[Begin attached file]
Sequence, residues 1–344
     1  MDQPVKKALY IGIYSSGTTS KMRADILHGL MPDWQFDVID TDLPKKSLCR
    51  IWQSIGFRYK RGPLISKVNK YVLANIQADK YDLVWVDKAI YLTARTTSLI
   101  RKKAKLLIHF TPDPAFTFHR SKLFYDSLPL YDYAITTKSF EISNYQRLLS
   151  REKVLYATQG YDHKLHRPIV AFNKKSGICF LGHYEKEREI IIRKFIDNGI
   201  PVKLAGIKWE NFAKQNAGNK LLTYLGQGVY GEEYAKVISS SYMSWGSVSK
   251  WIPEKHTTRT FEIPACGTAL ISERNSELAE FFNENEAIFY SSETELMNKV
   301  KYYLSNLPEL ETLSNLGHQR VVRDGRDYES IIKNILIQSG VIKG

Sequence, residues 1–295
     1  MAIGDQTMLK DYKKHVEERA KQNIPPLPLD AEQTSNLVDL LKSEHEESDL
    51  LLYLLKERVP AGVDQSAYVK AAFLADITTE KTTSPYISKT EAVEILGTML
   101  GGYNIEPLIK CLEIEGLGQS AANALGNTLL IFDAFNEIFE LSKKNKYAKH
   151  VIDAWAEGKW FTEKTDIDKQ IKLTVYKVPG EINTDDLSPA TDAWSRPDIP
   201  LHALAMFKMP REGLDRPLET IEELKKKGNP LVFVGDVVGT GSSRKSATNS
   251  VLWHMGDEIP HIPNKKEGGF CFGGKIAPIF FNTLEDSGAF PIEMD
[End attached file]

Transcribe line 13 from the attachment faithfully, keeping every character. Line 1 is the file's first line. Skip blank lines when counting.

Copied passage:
   151  VIDAWAEGKW FTEKTDIDKQ IKLTVYKVPG EINTDDLSPA TDAWSRPDIP